“Rhode Island has been a leader on transgender, gay, lesbian, and bisexual equality for decades and led on protections for LGBTQ+ families with the 2020 Uniform Parentage Act. Now, with escalating extremist attacks on LGBTQ+ people happening across the country, the state can lead again,” said Polly Crozier, Director of Family Advocacy at GLBTQ Legal Advocates & Defenders. “Parents are more worried than ever about the safety of their children. H 5226/S 0121 is one urgent and important way for Rhode Island to signal support for LGBTQ+ people, by removing barriers to adoption for LGBTQ+ people who seek to confirm their parentage and secure their children through an adoption decree wherever they travel or move outside Rhode Island.”

Parents and advocates submitted testimony to the Judiciary Committee in support of H 5226, including:

Sabra Katz-Wise, who, with her spouse, went through the expensive second-parent adoption process to secure parentage:
“The home visit was just one part of the lengthy, expensive second-parent adoption process, which not only felt unnecessary since we were both on our child’s birth certificate but also violated our privacy. More same-sex parents are having children and will need second-parent adoptions to fully protect their families. The confirmatory adoption process needs to be streamlined in RI so it’s not an undue burden on families like ours.”

Jordan Budd, Executive Director of COLAGE, a support and advocacy group for children of LGBTQ+ parents:
“All children, no matter who their parents happen to be, deserve to feel safe and secure in their families. People with LGBTQ+ parents are especially vulnerable right now with attacks on LGBTQ+ people and families making news across the country each and every day. Rhode Island LGBTQ+ families should not have to worry about crossing state lines for fear of their legal relationships coming into question.”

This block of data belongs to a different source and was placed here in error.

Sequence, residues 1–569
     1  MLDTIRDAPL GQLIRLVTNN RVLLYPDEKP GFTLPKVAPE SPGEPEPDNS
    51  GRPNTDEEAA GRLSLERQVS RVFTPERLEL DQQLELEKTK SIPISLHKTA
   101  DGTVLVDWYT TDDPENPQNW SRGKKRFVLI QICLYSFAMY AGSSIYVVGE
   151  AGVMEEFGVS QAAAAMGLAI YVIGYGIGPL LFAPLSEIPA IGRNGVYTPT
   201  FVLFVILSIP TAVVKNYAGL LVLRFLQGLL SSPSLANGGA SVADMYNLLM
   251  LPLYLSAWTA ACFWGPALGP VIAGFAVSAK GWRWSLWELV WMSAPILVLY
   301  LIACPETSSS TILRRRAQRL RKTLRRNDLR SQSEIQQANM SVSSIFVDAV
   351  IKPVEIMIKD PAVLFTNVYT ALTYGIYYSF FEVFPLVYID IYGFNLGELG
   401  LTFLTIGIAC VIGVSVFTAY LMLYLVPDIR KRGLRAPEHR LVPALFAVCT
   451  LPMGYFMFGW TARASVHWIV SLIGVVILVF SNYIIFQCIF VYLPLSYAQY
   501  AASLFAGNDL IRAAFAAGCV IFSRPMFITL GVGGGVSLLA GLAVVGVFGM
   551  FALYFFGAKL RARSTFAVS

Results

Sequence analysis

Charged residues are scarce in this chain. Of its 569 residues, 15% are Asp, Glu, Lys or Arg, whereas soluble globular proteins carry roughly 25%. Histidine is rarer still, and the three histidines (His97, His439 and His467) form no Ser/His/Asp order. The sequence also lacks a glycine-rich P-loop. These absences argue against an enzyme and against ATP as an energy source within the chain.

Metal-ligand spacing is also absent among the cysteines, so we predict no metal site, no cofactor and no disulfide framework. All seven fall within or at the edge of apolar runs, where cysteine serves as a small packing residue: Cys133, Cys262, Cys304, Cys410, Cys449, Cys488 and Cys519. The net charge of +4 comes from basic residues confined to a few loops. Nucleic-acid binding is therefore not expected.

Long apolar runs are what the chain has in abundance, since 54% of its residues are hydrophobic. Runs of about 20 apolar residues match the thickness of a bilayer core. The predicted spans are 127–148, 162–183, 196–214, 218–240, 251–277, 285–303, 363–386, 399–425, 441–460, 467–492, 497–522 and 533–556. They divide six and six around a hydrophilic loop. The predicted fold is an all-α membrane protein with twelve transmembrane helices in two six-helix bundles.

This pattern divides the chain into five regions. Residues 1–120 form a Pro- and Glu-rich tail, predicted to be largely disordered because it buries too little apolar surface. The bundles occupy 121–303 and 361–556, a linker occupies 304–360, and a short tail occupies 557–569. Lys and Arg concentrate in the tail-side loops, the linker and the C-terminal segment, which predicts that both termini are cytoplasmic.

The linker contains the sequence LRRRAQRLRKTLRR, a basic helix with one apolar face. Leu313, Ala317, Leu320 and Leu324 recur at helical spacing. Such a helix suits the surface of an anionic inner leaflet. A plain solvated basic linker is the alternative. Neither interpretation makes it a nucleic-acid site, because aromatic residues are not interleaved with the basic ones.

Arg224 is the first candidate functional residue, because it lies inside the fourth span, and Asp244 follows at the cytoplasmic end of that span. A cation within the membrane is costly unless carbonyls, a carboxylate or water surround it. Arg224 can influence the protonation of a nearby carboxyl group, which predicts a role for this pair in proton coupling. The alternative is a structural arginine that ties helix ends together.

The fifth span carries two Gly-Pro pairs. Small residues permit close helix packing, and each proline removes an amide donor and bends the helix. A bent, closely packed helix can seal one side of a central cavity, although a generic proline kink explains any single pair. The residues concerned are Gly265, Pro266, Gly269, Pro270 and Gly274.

Kate Weldon LeBlanc, Executive Director of Resolve New England:
“H 5226 would eliminate unnecessary requirements and provide a streamlined path to petition a court for an adoption decree. It is unfair that non-birthing parents currently have to adopt their own children through a complicated, lengthy, and expensive process. Also, the delay in confirming parentage leaves the children vulnerable.”

Courtney G. Joslin, parentage law expert and U.C. Davis Martin Luther King Jr. Professor of Law:
“[E]ven if families are protected as a matter of Rhode Island law, they may experience discrimination as they travel about the country. Parties, including state officials, may argue and in some cases have argued that another state should not recognize a parent-child relationship involving a Rhode Island resident even where that relationship is recognized and protected as a matter of Rhode Island law.”

Shelbi D. Day, Chief Policy Officer of Family Equality:
“Currently, under Rhode Island law, parents must go through the traditional adoption process to obtain a court order confirming their legal relationship to their child even where Rhode Island law already recognizes them as parents. Doing so can be unduly burdensome, create economic hardship, and cause delay as it requires an invasive home study or investigation, a minimum period of residency in the home, and an in-person court hearing.”

H 5226 was introduced by Representatives Kislak, Shekarchi, McEntee, Kazarian, Edwards, Craven, Caldwell, Vella-Wilkinson, Batista, and Ajello.

S 0121 was introduced by Senators Euer, Murray, Mack, Pearson, Kallman, LaMountain, Lauria, McKenney, Acosta, and Miller.

Learn more about the bill by visiting the advocacy page and fact sheet.